What is traction? It’s anything that validates your business. But it must be quantifiable. Unlike the soft validation of an advisory board, traction has to be presented in hard numbers:  revenue, downloads, subscribers, and last and least, page views. Mr. Jones recommends that founders follow the North Star metric, the one value that demonstrates that the business is actually doing what it set out to do. I advise founders to measure not only interest on the part of customers, such as site visits, but engagement, such as registering on the site, returning to the site often or using the app regularly. There are too many one and done’s these days since the cost of checking out a new venture is usually somewhere between zero and nothing.


Mr. Jones admits something about investors that I’ve long believed but had no hard evidence for: that they go by their gut feeling about the team and the market and then spend their time gathering and analyzing data – such as the venture’s traction – that either prove their initial impression correct or disprove it. But here is where cognitive bias sets in, as the investor will tend to find evidence to support that initial judgment. There’s an old saw that you never get a second chance to make a first impression. Founders keep this in mind! I see too many founders hurting their venture and their reputations by premature fund raising. Keep your powder dry until you are confident you can make an aha! impression on investors. In reality investors are not interested in ideas. They are interested in problems. How prevalent is the problem? How serious is the problem? And most importantly, does the venture’s team have a highly credible solution to the problem, known as product/market fit.? Product/market fit was defined simply by VC Mark Andresseen as “… being in a good market with a product that can satisfy that market.” So stop thinking about your idea and start thinking about your customers and their problems. Are they  just mildly dissatisfied or, in the words of the founder I saw the other day, is their hair on fire?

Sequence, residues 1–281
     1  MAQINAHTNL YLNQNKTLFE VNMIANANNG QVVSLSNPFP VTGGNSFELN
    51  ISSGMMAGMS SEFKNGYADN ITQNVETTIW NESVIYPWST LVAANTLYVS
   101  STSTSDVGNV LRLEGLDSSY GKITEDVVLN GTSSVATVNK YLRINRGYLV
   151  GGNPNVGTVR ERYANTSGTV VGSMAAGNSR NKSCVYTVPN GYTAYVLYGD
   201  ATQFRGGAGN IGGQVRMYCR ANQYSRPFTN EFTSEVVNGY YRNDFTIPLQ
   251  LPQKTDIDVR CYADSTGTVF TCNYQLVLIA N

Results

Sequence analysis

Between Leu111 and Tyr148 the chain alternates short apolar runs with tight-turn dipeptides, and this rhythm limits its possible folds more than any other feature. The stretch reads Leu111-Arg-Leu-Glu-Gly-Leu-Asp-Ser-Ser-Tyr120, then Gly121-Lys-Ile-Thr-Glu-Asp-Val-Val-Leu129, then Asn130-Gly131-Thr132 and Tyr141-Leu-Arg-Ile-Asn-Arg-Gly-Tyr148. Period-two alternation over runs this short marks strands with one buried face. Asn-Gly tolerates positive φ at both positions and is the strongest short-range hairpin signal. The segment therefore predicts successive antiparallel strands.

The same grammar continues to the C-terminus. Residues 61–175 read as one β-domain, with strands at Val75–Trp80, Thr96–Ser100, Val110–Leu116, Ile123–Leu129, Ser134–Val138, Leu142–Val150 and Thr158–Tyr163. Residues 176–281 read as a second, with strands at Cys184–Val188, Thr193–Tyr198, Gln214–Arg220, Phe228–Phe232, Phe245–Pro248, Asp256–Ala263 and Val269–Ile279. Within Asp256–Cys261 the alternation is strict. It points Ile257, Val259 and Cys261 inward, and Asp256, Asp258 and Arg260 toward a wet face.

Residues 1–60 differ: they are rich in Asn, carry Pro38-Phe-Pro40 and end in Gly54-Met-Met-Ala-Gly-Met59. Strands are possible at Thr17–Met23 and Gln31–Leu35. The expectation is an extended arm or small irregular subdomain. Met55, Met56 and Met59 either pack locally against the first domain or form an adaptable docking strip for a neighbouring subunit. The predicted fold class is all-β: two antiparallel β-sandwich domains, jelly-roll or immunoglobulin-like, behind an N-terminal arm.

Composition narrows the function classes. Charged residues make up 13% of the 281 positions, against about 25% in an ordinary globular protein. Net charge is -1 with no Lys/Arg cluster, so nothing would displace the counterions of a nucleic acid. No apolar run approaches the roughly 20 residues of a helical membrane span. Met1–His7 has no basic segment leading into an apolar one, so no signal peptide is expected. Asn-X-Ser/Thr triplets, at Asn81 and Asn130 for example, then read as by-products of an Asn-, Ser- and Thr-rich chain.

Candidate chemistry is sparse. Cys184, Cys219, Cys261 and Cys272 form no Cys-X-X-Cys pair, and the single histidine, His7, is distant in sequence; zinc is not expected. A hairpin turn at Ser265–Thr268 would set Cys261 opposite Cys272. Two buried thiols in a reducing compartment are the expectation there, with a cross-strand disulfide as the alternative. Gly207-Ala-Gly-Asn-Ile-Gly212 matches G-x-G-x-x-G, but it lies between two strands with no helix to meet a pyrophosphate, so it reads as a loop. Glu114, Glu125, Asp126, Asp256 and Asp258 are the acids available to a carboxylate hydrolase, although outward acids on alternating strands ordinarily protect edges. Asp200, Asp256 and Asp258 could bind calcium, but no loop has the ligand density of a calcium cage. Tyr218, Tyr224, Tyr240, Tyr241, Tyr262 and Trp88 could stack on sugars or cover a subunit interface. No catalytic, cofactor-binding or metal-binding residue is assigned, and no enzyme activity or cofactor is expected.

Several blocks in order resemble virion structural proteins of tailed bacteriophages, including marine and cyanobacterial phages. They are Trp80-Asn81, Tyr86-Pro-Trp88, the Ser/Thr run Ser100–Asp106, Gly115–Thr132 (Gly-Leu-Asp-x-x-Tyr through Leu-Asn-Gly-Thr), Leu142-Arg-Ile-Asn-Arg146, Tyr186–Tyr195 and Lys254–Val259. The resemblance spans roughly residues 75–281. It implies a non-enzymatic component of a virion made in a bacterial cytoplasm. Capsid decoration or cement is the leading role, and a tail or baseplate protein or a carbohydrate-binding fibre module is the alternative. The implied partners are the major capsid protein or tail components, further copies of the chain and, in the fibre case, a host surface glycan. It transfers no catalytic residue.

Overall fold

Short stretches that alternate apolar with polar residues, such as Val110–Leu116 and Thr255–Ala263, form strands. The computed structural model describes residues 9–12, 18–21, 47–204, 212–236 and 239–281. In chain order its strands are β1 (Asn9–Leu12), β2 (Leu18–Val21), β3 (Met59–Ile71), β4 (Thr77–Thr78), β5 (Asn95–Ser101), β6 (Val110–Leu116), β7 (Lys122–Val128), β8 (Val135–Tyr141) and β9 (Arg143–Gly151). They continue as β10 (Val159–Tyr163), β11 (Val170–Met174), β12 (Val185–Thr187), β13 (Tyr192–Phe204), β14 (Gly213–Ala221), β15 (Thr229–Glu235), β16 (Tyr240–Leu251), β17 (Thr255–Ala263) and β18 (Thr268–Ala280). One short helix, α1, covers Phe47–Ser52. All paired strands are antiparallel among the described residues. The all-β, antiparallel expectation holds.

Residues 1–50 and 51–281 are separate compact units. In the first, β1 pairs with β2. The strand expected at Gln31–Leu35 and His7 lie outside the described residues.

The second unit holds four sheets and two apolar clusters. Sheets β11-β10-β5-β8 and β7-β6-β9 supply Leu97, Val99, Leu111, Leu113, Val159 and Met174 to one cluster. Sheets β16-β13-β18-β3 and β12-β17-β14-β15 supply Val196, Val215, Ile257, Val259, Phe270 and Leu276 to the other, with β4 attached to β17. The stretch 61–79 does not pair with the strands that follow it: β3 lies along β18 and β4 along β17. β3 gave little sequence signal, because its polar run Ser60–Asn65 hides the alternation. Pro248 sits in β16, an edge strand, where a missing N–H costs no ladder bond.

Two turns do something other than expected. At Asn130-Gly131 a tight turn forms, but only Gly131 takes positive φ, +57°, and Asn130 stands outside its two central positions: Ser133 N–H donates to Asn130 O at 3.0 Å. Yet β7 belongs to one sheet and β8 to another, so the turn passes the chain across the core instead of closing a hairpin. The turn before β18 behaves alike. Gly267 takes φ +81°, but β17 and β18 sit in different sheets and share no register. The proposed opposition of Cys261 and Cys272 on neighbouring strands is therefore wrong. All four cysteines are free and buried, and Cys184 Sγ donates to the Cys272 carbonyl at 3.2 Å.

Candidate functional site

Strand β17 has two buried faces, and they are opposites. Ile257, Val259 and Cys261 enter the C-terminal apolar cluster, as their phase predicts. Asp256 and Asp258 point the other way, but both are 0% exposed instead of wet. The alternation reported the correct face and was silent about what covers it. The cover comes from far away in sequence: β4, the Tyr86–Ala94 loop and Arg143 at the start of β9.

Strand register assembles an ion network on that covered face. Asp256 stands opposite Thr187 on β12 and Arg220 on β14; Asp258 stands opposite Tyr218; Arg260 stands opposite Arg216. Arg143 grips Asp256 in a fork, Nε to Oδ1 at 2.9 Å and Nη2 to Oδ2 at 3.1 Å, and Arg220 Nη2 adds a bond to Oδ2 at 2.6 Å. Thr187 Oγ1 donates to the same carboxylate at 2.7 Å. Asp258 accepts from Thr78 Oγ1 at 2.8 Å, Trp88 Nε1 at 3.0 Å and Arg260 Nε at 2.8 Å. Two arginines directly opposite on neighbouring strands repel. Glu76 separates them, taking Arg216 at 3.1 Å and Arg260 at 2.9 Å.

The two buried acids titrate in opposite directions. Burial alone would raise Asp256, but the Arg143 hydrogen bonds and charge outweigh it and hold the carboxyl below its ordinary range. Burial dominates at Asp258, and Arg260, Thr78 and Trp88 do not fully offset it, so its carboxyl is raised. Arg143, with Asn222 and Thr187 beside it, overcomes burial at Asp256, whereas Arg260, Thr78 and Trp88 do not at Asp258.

Finally Mr. Jones makes a very important point about investing. If you are turned down by an investor don’t take it personally. It is a) a huge waste of emotional energy and b) pointless. There are so many reasons why someone may choose not to invest. In my experience most investors will not give you the real reason that they didn’t invest. They usually say your idea isn’t a fit with their fund’s investment strategy, or they have another venture in your space, anything but the truth. Why? Because as an investor you never know, that venture you turned down may turn out to be a winner and as an investor you may want in on a later round. So they are very careful not to alienate founders with strong criticisms of their pitch. Keep in mind that every record label in England but one rejected the Beatles! But if you can get real feedback on your pitch it can be very valuable in helping you improve it. It doesn’t cost anything to ask for feedback and at the least it may impress on the investor that you are coachable and want to improve – two valuable traits in an entrepreneur.

There’s a plethora of information about pitch decks on the web. There are even templates from the likes of Sequoia Capital to guide you. But whatever template or guide you use make sure that you create a lasting positive impression about your team, your idea, and your traction. Yes, if you have been reading this blog you know that I’m a devotee of the power of three. Everything else in your pitch needs to support those three key elements of your business.



Author: Mentorphile

Mentor, coach, and advisor to entrepreneurs, small businesses, and non-profit organizations. General manager with significant experience in both for-profit and non-profit organizations. Focus on media and information. On founding team of four venture-backed companies. Currently Chairman of Popsleuth, Inc., maker of the Endorfyn app for keeping fans updated on new stuff from their favorite artists.